Home > Students > Double Whammy: High Debt, Few Jobs for Class of 2012

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Memo to the class of 2012: Your life may be about to get very hard. Graduates will leave campus to discover the worst job market in more than a decade, according to a recent report by the Associated Press.

Meanwhile, rising tuition, soaring student loan debt, and potentially serious problems with the government’s system of collecting unpaid student loan debt could make it particularly difficult for 2012 graduates to transition from school to work.

“Simply put, we’re failing kids coming out of college,” Andrew Sum, director of the Center for Labor Market Studies at Northeastern University, told the Associated Press.

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The problem is rising student loan debt on the one hand, and rising unemployment on the other. Only 53 percent of recent college graduates hold full-time jobs, according to a recent study by Rutgers University’s John J. Heldrich Center for Workforce Development.

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Unlike in years past, when many graduates could expect to find work as bank tellers or low-level corporate employees, today many of those higher-paying, full-time jobs have been lost to corporate downsizing. What’s left are part-time jobs, things like tending bar or working in retail stores, which pay substantially less.

That’s part of the reason why the median wages for 2012 graduates will be at their lowest levels since 2000, Sum found. The two recessions of the 2000’s shed 8 million jobs from the economy, according to recent research by Northeastern’s Center for Labor Market Studies, and recent grads face some of the highest hurdles in competing for those jobs that remain.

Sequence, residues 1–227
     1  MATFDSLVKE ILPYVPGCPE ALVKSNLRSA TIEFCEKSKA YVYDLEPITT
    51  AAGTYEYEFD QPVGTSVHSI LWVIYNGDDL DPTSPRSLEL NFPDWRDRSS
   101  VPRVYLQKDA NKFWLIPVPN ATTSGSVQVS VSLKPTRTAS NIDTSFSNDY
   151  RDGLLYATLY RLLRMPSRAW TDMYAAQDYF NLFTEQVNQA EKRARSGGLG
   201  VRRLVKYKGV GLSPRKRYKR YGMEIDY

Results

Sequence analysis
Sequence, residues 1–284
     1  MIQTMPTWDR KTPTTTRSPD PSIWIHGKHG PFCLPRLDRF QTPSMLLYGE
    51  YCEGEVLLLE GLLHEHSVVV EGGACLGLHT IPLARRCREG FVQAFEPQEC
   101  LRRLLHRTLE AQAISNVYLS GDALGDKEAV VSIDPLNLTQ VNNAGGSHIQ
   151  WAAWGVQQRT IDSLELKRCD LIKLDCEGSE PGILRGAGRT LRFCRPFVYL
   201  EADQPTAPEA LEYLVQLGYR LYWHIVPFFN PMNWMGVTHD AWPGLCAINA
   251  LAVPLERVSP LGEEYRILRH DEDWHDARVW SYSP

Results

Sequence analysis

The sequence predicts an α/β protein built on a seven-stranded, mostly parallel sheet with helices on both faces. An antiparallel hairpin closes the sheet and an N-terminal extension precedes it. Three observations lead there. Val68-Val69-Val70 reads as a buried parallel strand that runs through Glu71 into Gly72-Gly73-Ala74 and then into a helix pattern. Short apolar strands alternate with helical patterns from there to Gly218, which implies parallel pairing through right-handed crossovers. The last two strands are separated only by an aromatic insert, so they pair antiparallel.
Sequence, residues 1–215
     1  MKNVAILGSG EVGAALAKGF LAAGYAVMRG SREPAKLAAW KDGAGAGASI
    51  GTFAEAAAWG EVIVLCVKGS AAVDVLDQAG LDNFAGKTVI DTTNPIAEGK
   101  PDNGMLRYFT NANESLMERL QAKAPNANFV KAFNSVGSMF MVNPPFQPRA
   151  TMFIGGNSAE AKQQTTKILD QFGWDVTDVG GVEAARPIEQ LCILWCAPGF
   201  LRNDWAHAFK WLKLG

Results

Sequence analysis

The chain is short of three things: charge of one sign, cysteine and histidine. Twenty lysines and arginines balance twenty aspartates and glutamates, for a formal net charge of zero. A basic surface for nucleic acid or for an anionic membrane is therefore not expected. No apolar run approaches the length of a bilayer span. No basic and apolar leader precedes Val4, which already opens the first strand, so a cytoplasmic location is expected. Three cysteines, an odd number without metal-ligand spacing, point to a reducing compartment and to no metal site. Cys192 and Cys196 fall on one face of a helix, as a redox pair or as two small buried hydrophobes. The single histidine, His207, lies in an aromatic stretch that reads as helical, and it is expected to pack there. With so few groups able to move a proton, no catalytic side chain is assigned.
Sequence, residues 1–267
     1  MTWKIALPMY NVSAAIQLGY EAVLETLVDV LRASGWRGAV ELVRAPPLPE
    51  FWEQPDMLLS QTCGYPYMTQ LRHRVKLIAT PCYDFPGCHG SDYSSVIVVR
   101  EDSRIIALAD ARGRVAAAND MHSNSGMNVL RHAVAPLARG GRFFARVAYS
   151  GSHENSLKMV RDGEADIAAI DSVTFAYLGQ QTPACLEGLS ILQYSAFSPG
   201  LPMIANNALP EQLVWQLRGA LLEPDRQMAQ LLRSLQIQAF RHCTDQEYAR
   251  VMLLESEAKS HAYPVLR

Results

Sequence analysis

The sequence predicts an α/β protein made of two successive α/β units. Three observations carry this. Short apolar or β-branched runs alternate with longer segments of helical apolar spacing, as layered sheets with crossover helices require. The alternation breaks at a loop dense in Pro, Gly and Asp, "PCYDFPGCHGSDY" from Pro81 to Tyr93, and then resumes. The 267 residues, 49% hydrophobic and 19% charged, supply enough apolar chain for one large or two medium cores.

“Part of this is due to the lack of quality jobs for those unfortunate enough to graduate during a recession of historic force,” according to the Heldrich Center study.

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But the need for a good-paying job after graduation is higher than ever, now that total student loan debt has topped $1 trillion, higher even than mortgage and credit card debt. As debt soars and incomes drop, more graduates find themselves unable to pay their college debts; $67 billion worth of college loans are now in default, according to reporting by Bloomberg.

That has led to increased scrutiny of the private companies used by the U.S. Department of Education to collect those bad debts. After allegations arose that private debt collectors often try to intimidate defaulted debtors into paying more than they can afford, the education department announced it would mandate changes that would require debt collectors to offer income-based repayment plans, Bloomberg reported.

Some consumer advocates believe the administration’s plans don’t go far enough to protect graduates. A report published this week by the National Consumer Law Center calls on the education department to pay private debt collectors based on the quality service they provide, replacing the current model that incentivizes contractors to collect as much money as they can.

The center also called on the administration to create a new system to field complaints of alleged abuse by school debt collectors.

“There is a balance between the need to collect student loans and the need to assist borrowers,” according to the center’s report. “At this point, the balance is tilted overwhelmingly in favor of high collections and collection agency profits.”

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